Wind power has become established as an alternative power source that forms a significant proportion of national energy generation. An increasing proportion of turbines is being constructed offshore to exploit higher average wind speeds and to avoid development issues associated with onshore wind farms. Isolated locations and unpredictable weather conditions lead to increased access costs for operators when conducting scheduled and unscheduled maintenance and repairs. This has increased interest in condition monitoring systems which can track the current state of components within a wind turbine and provide operators with predicted future trends. Asset management can be improved through condition based maintenance regimes and preventative repairs. Development of novel condition monitoring systems that can accurately predict incipient damage can optimise operational performance and reduce the overall level of wind turbine generation costs. The work described in this thesis presents the development of novel sensors that may be applied to monitor wind turbine gearboxes, a component that experiences relatively high failure rates and causes considerable turbine downtime. Current systems and technology that may be adapted for use in wind turbine condition monitoring are evaluated. Lubrication related monitoring systems have been identified as an area that could be improved and are divided into those that track liberated wear material suspended in the lubricant and those that assess the state of the lubricant itself. This study presents two novel lubrication based gearbox monitoring sensors that potentially offer a low cost solution for continuous data capture. The first demonstrates the potential for active pixel sensors such as those found in digital cameras to capture images of wear particles within gearbox lubricants.Particle morphology was tracked in this system, allowing the type of particles to be correlated with the type of wear that is generated and a potential source. The second sensor uses a targeted form of infra-red absorption spectroscopy to track changes in the lubricant chemistry due to the increase in acidity. Ensuring the lubricant is functioning correctly decreases component stress and fatigue, reducing maintenance requirements.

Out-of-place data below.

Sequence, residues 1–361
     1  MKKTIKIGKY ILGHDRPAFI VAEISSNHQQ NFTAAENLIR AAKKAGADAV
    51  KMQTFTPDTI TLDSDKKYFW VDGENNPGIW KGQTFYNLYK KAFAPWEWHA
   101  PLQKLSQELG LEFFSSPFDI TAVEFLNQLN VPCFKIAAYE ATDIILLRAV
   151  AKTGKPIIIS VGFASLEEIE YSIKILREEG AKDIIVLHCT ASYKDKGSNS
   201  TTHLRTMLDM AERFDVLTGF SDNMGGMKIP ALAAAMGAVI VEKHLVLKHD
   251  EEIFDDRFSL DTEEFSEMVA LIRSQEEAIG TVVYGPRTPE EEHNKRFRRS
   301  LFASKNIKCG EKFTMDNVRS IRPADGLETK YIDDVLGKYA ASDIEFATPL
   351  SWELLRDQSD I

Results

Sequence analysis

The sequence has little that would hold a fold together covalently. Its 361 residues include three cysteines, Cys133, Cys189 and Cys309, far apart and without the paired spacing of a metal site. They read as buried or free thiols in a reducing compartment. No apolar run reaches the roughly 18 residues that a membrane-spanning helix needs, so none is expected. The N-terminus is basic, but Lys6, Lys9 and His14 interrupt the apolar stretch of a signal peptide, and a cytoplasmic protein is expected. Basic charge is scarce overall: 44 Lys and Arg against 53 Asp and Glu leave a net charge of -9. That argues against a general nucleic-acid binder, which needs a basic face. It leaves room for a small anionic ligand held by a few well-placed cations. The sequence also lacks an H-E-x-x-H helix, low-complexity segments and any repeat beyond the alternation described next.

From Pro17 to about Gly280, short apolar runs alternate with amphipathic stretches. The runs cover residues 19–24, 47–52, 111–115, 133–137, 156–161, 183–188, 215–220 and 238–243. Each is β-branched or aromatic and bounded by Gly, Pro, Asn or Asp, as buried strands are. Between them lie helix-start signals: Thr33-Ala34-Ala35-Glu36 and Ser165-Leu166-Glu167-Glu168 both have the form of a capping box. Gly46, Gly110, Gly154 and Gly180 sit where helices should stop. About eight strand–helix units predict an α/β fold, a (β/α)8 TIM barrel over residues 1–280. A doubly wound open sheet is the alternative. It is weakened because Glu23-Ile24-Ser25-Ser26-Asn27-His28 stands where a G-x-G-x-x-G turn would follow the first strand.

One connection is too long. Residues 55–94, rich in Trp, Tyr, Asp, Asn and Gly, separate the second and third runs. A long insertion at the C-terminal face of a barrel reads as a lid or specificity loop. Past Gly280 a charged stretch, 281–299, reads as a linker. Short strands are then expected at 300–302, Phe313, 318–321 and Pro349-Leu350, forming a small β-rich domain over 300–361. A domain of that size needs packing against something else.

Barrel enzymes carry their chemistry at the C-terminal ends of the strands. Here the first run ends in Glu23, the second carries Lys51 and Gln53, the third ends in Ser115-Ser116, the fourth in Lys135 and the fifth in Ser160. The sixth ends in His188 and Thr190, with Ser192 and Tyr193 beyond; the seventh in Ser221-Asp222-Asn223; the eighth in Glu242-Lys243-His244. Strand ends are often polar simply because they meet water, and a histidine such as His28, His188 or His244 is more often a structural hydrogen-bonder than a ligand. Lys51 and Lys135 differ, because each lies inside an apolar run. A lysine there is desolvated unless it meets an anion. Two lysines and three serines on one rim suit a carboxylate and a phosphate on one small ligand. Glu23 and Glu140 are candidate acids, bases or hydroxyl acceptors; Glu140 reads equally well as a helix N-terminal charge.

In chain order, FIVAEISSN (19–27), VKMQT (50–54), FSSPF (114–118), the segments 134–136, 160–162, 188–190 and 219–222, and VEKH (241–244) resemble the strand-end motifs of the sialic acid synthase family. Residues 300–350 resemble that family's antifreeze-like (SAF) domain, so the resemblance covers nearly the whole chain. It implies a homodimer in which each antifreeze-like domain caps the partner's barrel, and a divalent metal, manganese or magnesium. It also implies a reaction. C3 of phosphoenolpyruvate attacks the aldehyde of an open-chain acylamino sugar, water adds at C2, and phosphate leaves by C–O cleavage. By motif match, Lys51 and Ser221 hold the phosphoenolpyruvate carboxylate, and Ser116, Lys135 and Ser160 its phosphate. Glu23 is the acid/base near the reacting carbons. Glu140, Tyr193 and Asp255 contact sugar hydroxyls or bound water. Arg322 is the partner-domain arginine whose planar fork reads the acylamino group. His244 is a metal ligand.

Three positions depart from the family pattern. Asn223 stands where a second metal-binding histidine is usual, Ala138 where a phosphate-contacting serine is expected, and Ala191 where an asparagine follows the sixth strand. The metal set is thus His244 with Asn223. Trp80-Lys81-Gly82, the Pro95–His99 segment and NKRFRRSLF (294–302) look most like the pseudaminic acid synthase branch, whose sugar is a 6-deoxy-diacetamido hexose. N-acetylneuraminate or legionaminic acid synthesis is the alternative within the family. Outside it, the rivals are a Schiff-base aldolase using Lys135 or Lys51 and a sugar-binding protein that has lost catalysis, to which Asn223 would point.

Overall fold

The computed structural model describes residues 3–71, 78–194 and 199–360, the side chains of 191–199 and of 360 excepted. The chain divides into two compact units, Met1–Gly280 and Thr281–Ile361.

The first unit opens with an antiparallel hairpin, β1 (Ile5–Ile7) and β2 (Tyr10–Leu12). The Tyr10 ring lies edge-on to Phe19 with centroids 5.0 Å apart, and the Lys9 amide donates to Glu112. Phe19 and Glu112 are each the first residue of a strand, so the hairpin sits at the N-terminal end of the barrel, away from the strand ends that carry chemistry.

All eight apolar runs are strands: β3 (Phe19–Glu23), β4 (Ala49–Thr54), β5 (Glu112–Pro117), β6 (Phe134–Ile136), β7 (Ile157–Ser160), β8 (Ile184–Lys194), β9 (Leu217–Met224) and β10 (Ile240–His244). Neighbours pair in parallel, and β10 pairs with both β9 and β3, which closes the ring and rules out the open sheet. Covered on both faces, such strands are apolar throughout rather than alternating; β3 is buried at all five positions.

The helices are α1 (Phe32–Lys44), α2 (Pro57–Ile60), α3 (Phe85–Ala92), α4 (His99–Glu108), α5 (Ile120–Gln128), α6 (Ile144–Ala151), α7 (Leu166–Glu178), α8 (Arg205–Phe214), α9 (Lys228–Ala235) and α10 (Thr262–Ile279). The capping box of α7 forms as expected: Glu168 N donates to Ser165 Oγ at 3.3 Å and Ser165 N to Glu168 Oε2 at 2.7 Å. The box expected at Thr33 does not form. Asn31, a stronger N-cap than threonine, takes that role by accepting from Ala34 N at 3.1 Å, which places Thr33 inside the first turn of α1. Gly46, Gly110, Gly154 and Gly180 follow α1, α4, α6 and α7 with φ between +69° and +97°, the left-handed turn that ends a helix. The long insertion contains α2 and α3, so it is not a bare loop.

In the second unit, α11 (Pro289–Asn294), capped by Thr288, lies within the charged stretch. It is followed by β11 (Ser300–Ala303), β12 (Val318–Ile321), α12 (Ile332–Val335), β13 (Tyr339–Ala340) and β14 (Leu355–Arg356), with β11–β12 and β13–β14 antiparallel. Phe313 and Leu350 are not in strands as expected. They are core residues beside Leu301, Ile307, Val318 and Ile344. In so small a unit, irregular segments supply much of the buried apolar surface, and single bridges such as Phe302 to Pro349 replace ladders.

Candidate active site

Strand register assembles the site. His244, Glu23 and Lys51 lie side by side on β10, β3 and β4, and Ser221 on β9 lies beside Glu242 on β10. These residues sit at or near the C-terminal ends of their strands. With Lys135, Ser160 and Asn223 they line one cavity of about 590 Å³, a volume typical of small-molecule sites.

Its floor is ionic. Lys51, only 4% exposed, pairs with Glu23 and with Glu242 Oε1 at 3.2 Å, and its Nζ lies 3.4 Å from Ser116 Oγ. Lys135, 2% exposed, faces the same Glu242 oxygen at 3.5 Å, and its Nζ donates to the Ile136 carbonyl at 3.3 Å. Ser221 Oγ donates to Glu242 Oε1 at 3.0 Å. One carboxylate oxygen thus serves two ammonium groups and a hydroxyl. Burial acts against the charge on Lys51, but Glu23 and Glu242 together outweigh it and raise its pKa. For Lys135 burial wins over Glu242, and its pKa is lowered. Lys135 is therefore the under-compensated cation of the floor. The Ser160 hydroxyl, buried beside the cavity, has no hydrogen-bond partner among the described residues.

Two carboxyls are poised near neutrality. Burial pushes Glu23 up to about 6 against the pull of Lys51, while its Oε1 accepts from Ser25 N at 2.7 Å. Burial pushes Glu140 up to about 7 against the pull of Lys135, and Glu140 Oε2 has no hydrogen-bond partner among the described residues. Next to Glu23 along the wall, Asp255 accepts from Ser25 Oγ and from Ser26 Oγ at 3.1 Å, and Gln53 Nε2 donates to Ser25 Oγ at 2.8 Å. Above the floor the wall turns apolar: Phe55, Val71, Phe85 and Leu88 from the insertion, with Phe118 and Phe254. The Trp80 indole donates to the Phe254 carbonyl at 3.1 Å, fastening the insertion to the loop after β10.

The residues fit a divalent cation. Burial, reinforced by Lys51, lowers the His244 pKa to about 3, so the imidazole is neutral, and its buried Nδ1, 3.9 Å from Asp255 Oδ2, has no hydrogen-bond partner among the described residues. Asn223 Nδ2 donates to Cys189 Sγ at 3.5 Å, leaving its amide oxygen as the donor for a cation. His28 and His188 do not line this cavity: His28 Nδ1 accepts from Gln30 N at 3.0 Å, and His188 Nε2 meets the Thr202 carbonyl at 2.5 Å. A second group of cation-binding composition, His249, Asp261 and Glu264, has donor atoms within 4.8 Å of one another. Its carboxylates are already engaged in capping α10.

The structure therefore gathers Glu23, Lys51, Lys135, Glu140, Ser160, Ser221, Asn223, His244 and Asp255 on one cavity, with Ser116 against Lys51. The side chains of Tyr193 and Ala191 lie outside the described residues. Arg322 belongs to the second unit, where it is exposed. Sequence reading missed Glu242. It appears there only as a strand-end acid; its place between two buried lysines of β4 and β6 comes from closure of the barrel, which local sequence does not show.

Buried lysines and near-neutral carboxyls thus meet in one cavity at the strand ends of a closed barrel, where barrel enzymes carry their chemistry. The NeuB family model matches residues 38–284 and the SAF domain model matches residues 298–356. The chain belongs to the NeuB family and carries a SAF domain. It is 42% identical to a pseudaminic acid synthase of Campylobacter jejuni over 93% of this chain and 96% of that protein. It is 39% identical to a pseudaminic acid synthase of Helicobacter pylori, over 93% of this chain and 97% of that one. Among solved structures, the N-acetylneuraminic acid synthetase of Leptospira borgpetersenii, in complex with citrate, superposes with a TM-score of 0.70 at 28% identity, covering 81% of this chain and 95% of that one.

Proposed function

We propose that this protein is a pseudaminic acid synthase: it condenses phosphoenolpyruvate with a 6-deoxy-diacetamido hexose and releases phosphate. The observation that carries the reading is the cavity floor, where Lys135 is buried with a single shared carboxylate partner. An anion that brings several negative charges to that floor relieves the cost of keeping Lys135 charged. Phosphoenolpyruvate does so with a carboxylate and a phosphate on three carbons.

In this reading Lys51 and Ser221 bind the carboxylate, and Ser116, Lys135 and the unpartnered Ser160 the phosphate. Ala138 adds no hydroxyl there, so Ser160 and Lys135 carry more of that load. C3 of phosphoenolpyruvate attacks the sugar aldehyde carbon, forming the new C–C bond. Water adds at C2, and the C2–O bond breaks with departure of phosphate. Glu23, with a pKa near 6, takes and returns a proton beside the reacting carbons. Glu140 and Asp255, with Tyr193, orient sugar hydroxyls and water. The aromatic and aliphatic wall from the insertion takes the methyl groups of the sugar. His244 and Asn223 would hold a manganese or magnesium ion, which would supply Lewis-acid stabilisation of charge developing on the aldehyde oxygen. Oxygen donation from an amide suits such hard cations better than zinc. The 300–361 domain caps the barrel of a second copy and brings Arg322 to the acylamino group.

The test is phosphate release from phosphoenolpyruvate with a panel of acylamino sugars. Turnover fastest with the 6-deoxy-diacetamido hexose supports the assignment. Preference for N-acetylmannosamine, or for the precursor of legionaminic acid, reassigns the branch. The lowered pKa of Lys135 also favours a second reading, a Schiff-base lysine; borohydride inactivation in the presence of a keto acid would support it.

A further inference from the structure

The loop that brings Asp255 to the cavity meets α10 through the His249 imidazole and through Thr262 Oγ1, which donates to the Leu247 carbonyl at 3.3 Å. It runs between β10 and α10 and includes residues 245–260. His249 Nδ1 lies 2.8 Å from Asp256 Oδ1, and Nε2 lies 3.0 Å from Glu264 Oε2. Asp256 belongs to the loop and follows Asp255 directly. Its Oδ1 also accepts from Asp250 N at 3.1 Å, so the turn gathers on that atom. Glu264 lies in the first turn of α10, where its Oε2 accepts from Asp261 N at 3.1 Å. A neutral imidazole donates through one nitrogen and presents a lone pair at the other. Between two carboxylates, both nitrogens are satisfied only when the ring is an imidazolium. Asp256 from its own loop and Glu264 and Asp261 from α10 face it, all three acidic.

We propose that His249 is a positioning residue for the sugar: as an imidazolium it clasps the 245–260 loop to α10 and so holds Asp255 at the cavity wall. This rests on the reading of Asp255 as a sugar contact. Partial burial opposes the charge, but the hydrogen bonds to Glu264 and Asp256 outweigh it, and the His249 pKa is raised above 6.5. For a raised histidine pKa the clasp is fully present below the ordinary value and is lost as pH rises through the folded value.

|Date of Award||7 Oct 2015|
- University Of Strathclyde
|Sponsors||EPSRC (Engineering and Physical Sciences Research Council)|
|Supervisor||Francis Quail (Supervisor) & David Infield (Supervisor)|